|Name||Ferndown Middle School|
|Ofsted Inspection Rating||Good|
|Inspection Date||10 January 2018|
|Address||Peter Grant Way, Ferndown, Dorset, BH22 9UP|
|Religious Character||Does Not Apply|
|Number of Pupils||586 (51% boys 49% girls)|
|Number of Pupils per Teacher||20.0|
|Percentage Free School Meals||14.7%|
|Percentage English is Not First Language||3.8%|
Information about this school
There have been considerable changes to the teaching staff, management and leadership roles since the previous inspection. The school uses The Forum Centre in Blandford as an alternative provider, when needed. The school does not meet the current government floor standard at key stage 2. The school meets the Department for Education’s definition of a coasting school based on key stage 2 academic performance results in 2014, 2015 and 2016.
Summary of key findings for parents and pupils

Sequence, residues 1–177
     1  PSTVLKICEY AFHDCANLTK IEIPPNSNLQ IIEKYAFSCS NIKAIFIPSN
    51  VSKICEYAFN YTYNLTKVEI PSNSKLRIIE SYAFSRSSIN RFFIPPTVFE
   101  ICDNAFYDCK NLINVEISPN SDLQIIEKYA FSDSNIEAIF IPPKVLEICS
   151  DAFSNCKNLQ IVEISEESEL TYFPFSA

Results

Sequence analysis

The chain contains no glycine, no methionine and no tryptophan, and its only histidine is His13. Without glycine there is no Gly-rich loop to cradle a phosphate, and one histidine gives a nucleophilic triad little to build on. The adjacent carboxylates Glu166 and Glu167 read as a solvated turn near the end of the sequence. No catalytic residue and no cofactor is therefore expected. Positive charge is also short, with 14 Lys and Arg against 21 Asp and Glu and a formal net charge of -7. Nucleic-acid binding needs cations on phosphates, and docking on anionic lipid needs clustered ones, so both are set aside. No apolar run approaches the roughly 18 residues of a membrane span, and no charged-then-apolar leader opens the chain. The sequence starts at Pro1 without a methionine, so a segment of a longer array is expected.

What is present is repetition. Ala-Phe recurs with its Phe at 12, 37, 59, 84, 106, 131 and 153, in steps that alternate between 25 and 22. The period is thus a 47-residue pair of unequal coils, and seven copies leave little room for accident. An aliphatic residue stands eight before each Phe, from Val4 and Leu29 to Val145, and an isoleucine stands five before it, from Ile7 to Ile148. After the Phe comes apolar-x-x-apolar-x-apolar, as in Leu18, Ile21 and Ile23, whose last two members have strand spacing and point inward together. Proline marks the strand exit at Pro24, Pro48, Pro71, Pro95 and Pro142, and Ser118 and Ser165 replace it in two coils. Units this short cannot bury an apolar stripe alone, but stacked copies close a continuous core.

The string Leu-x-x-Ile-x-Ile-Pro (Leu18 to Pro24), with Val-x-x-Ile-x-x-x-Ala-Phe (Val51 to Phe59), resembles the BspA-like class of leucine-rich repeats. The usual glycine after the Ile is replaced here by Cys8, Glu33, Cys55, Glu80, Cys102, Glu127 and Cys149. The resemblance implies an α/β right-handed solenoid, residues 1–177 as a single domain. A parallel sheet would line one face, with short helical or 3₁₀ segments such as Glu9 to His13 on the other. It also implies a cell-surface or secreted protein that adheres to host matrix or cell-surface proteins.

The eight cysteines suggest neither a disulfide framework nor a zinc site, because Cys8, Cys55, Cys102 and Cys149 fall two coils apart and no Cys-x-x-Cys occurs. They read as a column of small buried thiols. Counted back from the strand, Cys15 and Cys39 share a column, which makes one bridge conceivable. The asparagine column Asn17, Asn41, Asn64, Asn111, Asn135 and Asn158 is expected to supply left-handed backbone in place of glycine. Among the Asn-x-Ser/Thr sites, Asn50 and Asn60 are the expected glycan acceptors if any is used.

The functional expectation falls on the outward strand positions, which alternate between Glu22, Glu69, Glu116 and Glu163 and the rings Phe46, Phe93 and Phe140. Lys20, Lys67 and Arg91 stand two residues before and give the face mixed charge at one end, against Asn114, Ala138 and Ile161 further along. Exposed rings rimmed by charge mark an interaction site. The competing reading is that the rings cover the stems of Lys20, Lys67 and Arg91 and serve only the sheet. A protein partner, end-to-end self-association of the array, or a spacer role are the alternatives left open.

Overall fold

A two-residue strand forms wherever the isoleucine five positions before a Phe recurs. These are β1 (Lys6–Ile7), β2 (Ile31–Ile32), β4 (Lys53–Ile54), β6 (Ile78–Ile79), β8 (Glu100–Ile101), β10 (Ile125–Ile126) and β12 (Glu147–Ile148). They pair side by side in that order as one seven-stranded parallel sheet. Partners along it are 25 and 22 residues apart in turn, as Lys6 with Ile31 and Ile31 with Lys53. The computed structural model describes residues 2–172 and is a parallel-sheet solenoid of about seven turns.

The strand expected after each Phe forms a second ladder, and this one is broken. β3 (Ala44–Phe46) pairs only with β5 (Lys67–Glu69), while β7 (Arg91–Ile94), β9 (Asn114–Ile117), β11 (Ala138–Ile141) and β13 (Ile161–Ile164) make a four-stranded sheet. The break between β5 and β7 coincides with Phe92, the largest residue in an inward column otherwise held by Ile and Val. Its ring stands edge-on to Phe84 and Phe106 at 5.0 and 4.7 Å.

This is a good school Senior leaders are not complacent. They and the governing body are continuing to consider and develop ways to improve. They work closely with other agencies and providers to keep pupils safe and raise pupils’ achievements. Middle leaders, established and new, are a considerable strength of the school. They are articulate and enthusiastic. They are highly supportive of the senior leaders and with them are passionate about providing the very best education for pupils in their care. Teaching, learning and assessment are good. Teachers have good subject knowledge. They ensure that pupils have work that is at the right level of challenge. The school provides a rounded and high-quality curriculum. Over their four years at this school, pupils enjoy rich and stimulating activities in a wide range of subjects. Pupils leave Year 8 well prepared for Year 9 and beyond. Pupils in all year groups, including disadvantaged pupils and those who have special educational needs (SEN) and/or disabilities, are making good and increasingly rapid progress. However, the differences between the achievements of disadvantaged pupils and those of other pupils nationally are not diminishing fast enough. Governors are effective. They understand the strengths of the school and the areas needing further improvement. They provide good strategic direction for the school. They are increasingly challenging leaders at all levels to help improve the school. Pupils’ behaviour in lessons and around the school is good. Adults provide good support for pupils’ well-being, and pastoral development helps them to be successful. Pupils’ spiritual, moral, social and cultural education is strong. Parents and carers are generally supportive of the school. However, some parents are not happy with the amount and timeliness of the communication they have with the school. Results in the national tests at the end of Year 6 remain too low. They are below those expected for the pupils’ age and from their results at the end of Year 2. Some pupils do not attend school as often as they should. The school works closely with other agencies to improve attendance. However, the persistent absence of some pupils hinders their ability to achieve their potential.